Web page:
Nine potential Phillies were sent blue and maroon spring training invitations this week, meaning another fourth string infielder contest for Pete Orr and Michael Martinez. Narratives!
Michael Martinez, IF
I’m sure you were very happy to get you invite in the mail. In all honesty, we thought you and your jaw-droppingly poor statistics were off the list after the Phillies renovated the 40-man roster this fall. But, here we are.
**drums finger on desk**
Anybody quintuple-check Utley’s knees this afternoon? No? “No one does that?” Well, that’s horrible news.
BONUS: Did you know that Michael Martinez’s age is 30?
Humberto Quintero, C
Replacement Chooch, this is everyone. Everyone, Replacement Chooch. He’ll most likely be backing up Erik Kratz while Chooch is at home, watching Phillies games on the TV and clenching a bat in his mighty Panamanian hands until it shatters into splinter.
Quintero has spent much of his career scraping against the fringes of various systems, breaking through to the Major League level, only to find himself promoted or DFA’d within months.
“This time, it’ll be different,” Humberto said, signing a contract to fill in for Erik Kratz while he fills in for Carlos Ruiz for 25 games.
Steven Lerud, C
And then, there is Steven Lerud, who, based on performance, could slide right into that coveted 25-game gig behind Kratz. That’s what the preseason is for! It’s also for finding out what’s wrong with Chase this time. Seriously, somebody just cruise by his house or something. Make sure he’s in the front yard fielding grounders with like 20+ dogs like normal.
Steven made his MLB debut this year, on August 30, when the Phillies needed to go deeper into their catching depth than they ever have before. He had two hits in 10 plate appearances, scoring a run, and generally not offering enough of anything to be measured in a reasonable way. He’s been in the minors since 2004, compiling over 2500 plate appearances and a batting average tipping woefully over the Mendoza Line. Which offers somewhat of a better view.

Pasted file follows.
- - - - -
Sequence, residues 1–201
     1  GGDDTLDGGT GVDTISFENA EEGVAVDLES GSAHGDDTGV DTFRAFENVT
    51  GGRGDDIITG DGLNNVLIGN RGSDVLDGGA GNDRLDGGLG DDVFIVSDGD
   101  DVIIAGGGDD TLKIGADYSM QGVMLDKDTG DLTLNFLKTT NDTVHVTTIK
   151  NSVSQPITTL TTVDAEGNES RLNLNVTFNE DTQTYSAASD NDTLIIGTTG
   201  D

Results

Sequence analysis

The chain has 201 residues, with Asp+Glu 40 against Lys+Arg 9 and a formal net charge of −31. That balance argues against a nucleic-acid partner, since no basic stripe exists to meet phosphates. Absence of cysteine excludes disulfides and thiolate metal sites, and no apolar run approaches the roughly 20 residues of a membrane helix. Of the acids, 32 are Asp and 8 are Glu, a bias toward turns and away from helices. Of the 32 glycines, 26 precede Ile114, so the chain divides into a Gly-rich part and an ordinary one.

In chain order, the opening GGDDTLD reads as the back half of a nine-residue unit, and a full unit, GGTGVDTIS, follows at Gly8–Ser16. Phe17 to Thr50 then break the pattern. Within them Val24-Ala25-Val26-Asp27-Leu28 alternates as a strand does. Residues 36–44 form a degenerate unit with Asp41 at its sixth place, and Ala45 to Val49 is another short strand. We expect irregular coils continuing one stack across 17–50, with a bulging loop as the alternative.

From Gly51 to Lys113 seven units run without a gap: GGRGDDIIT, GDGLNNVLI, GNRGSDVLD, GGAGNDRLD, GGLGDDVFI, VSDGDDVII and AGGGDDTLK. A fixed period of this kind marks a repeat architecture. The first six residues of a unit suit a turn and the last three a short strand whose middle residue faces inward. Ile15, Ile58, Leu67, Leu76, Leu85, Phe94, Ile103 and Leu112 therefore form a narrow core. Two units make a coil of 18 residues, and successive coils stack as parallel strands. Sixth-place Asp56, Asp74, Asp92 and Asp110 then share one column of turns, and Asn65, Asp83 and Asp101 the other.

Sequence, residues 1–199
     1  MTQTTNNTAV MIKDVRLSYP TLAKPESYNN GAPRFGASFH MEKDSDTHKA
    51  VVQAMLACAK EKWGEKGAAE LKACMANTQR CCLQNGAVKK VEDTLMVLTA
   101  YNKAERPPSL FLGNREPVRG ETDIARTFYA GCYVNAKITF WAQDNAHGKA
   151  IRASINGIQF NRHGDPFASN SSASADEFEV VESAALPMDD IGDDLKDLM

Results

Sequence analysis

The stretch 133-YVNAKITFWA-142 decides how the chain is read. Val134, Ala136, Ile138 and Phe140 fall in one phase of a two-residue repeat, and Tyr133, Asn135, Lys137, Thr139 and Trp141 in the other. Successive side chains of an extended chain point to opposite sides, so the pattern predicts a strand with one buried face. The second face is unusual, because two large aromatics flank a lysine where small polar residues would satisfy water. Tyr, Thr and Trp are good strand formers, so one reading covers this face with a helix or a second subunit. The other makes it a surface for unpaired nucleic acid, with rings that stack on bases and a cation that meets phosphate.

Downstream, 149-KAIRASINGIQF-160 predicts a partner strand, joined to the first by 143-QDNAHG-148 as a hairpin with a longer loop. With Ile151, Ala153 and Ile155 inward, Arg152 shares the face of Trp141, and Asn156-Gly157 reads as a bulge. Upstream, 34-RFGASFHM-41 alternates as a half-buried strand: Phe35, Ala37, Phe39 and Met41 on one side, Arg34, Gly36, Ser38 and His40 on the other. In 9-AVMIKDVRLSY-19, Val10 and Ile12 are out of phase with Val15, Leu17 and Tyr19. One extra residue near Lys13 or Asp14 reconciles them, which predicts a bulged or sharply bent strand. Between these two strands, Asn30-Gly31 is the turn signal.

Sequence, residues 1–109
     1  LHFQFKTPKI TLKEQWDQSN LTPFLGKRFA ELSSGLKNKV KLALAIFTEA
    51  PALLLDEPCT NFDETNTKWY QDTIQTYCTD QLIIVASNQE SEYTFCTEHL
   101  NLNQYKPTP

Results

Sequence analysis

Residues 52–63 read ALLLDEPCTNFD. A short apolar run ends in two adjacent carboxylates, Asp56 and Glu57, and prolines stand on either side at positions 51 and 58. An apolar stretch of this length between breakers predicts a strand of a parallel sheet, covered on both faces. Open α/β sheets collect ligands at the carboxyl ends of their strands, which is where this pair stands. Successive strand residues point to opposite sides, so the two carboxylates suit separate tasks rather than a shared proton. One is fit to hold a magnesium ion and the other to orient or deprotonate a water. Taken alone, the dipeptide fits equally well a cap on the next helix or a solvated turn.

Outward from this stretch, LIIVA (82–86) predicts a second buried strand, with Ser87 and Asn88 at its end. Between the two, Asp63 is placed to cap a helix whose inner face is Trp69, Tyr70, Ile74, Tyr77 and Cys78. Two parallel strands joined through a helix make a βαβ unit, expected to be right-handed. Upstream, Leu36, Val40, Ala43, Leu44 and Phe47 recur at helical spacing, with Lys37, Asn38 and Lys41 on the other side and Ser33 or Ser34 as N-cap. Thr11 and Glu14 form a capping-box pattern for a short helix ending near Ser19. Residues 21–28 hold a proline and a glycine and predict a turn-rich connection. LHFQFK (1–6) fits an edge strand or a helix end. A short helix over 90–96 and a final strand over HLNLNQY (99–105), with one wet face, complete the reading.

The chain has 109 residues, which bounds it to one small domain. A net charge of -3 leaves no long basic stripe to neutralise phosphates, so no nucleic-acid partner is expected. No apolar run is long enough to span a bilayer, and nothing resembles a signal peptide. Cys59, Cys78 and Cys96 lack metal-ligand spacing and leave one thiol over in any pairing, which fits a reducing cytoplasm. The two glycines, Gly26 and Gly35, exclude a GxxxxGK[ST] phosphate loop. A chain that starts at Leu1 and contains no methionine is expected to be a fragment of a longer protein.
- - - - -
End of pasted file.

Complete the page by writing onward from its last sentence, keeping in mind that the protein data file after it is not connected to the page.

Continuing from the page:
Pete Orr, Pete Orr
You all know, Pete. Not introductions necessary.
If anything, the inclusion of such ready made infielding depth like Martinez and Orr means that the Phillies seem pretty ready to keep things platooned. Third base, though now with a Michael Young to play it, may still be a question mark, and having a stable of warm bodies–Galvis, Frandsen, Martinez, and Orr–to man it is wise, or questionable, if you’re not sure that Young is a liability yet (he is).
Or it could be an indication that the front office is just as paranoid about Utley’s knees as a guy on the internet demanding someone go to his house to check on him.
Jermaine Mitchell, OF
Well hey there, new guy, with your fresh blood and your never fulfilled fifth round pick-itude. The bonus with guys like Jermaine Mitchell is that at any moment, the skill set that made the Oakland Athletics select them in the fifth round of the 2006 draft could reveal itself at any moment… like a virus, or… something… good.
As that Beerleaguer article states, Mitchell was the fifth-best prospect in the A’s system in 2011. He was also the given the “Best Defender” honors two years in a row. Which proves once and for all that RUBEN IS NOT LISTENING WE NEED A POWER BAT TO HIT HOME RUNS BECAUSE EVERYONE KNOWS THAT IF YOU HIT A HOME RUN YOU AUTOMATICALLY WIN THE GAME LOS ANGELES ANGELS 2013 WORLD SERIES CHAMPIONS BOOK IT.
Cesar Jimenez, LHP
Jimenez appeared in the Majors for three years, none of them in a row. In 2005, he was trusted with anchoring the rotation of Double-A San Antonio, after circling up to Tacoma for a failed Triple-A stint. The change saw him shift from a starter to a reliever. At age 21, he threw 7.1 innings for the Mariners over four games, amassing an ERA over 14.00 and giving up four home runs. He resurfaced at 23, appearing in 31 games and notching a much more normal-looking 3.41 ERA with 3.4 BB/9. Working on limited time in 2011, he appeared for 6.2 innings, he put together a performance pretty akin to his last two stints.
After suffering injury setbacks, Jimenez has become one of those gambles who can chuck a few strikes when his arm is attached correctly. But like anybody weakened by unfortunate circumstances, Jimenez is less effective the more injured he gets, and the more he pitches, the more likely it is for him to be injured. So.
Zach Miner, RHP
We wrote about Miner this weekend, as did everyone, and we all got a look at him in his Royals team picture, cheesing away, because it was the only AP photo available.
I imagine any of the correct things we said about him are still applicable.